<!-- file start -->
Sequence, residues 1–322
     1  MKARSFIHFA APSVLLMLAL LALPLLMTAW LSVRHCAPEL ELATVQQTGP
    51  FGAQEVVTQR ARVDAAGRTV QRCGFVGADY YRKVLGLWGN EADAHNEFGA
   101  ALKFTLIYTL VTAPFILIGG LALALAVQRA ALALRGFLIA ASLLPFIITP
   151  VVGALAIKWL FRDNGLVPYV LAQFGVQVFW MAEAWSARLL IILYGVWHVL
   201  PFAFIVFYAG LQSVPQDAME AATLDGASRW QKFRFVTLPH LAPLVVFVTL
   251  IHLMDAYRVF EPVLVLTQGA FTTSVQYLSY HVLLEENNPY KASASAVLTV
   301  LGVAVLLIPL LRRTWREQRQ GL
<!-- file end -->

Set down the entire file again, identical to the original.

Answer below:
Sequence, residues 1–322
     1  MKARSFIHFA APSVLLMLAL LALPLLMTAW LSVRHCAPEL ELATVQQTGP
    51  FGAQEVVTQR ARVDAAGRTV QRCGFVGADY YRKVLGLWGN EADAHNEFGA
   101  ALKFTLIYTL VTAPFILIGG LALALAVQRA ALALRGFLIA ASLLPFIITP
   151  VVGALAIKWL FRDNGLVPYV LAQFGVQVFW MAEAWSARLL IILYGVWHVL
   201  PFAFIVFYAG LQSVPQDAME AATLDGASRW QKFRFVTLPH LAPLVVFVTL
   251  IHLMDAYRVF EPVLVLTQGA FTTSVQYLSY HVLLEENNPY KASASAVLTV
   301  LGVAVLLIPL LRRTWREQRQ GL